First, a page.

"You kind of see holidays as benchmarks," said Capt. Josh Fields, 26. "`Maybe I'll be home by Labor Day' and then, `Maybe I'll be home in time to take my son trick-or-treating.' And now I'm back for Thanksgiving."
Fields, a logistics officer, said he plans to spend a quiet Thanksgiving at home with his wife, Jenni, and 2-year-old son, Jacob.
Fields says he's also finding himself thankful for little things, such as grocery shopping — which he used to consider a chore.
"I guess it's just all of those things you take for granted," he said. "It's just the freedom to choose what you're going to eat."
Sgt. Veronica Calloway, a personnel administrator, will be heading home to Wallace, N.C., for her large family's traditional Thanksgiving gathering. But someone important will be missing — her husband, who will remain in Iraq until December.
She and her husband, Staff Sgt. Brett Calloway, both deployed in March and had to leave their 3-year-old son, Jeremiah, and their 7-month-old twins, Michael and Matthew, with her parents in North Carolina.
Both soldier-parents literally missed half the twins' young lives, including their first birthday July 24.
"I don't know how they're going to take me," Calloway said. "I'm a little nervous. Especially, what if I try to pick them up and they cry?"
As for her husband, "He's very military minded, so he's OK," Calloway said. "I probably would have been crying."
At nearby Fort Stewart, where the Army's 3rd Infantry Division returned from Iraq at summer's end, Army cooks prepared for their biggest meal of the year for soldiers who couldn't make it home.
Fort Stewart and Hunter Army Airfield expected to feed as many as 4,000 single soldiers, Army families and retirees at their four dining halls with a full menu including turkey, ham and shrimp cocktail as well as cornbread dressing, sweet potatoes and pumpkin pie.
Army cooks consider Thanksgiving their Super Bowl, said Chief Warrant Officer John Nelums, the division food adviser who last year served turkey and trimmings in Kuwait to troops in tents.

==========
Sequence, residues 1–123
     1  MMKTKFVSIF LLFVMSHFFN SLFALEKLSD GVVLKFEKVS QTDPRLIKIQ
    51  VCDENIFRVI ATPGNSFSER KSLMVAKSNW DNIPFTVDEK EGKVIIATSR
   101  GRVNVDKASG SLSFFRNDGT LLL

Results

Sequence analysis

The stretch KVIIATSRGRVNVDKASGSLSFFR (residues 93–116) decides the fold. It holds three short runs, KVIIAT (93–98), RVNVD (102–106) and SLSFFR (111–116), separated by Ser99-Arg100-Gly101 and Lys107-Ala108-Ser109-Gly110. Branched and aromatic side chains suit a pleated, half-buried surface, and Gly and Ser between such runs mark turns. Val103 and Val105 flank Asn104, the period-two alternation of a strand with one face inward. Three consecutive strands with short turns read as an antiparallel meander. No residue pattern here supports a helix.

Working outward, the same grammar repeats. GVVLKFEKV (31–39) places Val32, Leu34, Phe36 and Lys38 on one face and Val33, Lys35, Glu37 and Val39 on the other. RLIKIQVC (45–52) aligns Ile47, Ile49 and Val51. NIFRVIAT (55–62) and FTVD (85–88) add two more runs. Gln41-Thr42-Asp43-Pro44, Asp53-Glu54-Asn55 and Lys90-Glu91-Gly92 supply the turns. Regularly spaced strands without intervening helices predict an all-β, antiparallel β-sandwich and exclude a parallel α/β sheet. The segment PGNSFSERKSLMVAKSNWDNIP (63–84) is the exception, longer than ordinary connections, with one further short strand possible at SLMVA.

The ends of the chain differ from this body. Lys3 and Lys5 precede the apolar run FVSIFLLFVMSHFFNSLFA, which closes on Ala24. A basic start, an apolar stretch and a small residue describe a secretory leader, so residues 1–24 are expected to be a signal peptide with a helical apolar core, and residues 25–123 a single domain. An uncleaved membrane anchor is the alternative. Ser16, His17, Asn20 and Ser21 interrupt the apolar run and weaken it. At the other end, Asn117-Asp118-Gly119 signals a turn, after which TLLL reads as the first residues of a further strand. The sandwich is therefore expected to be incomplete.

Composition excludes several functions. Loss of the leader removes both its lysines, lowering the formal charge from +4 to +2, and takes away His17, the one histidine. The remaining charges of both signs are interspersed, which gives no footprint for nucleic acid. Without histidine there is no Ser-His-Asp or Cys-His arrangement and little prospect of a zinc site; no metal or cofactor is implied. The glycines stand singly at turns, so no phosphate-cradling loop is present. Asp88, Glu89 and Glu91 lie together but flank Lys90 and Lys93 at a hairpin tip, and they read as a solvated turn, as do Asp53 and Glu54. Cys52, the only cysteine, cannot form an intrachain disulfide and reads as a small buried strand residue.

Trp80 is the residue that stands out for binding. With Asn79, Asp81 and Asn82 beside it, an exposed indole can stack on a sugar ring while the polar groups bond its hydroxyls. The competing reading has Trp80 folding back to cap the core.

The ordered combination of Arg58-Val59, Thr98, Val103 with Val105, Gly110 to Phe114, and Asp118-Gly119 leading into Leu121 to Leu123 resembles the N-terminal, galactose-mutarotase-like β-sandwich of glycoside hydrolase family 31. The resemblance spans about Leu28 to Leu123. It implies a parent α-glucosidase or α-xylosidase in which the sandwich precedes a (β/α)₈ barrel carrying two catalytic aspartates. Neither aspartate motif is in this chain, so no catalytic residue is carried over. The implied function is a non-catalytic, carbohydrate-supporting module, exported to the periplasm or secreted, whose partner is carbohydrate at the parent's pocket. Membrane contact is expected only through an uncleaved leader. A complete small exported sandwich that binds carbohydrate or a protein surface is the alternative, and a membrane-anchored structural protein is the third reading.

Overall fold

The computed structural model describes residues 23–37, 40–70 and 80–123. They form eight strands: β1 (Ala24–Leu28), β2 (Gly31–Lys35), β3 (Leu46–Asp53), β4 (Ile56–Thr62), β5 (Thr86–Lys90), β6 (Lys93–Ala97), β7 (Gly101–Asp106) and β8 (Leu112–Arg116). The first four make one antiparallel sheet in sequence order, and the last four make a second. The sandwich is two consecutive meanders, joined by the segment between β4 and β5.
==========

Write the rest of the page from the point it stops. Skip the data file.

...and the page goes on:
It's a day when officers show up to serve food to their soldiers, and cooks are allowed to stray from strict recipe instructions to give the meal a more personal touch.
"We have a lot of soldiers who aren't able to get home, and that's one of the primary reasons we have this big meal," Nelums said. "The soldiers that are preparing the meal just got back (from Iraq) themselves, so they are going to make sure it's more special. It's as special for them as it is for the guys that are serving."
The small house on Hunter Army Airfield where Sgt. Leroy Sibley, 27, last week rejoined his wife, Mindy, and their three small boys will be packed for the holiday weekend. They thought some relatives might have to stay in hotels, but Mindy said, "We'll make room. We've got air mattresses." Even if it's packed, "It can't be as bad as a tent in Iraq," she said.
At dinner, Leroy Sibley's looking forward to his mother's Louisiana deep-fried turkey, his grandmother's homemade pumpkin cheesecake and sweet-potato pie and his mother-in-law's salads and side dishes. But he's especially looking forward to time with family — "that's what Thanksgiving's all about."
As he adjusts to life at home, there's more he's thankful for, his wife added. His own bathroom "that he doesn't have to share with 100 other people," she said. And "I know he's been glad to go to the fridge and get ice water without having to stand in line."
The Associated Press contributed to this report.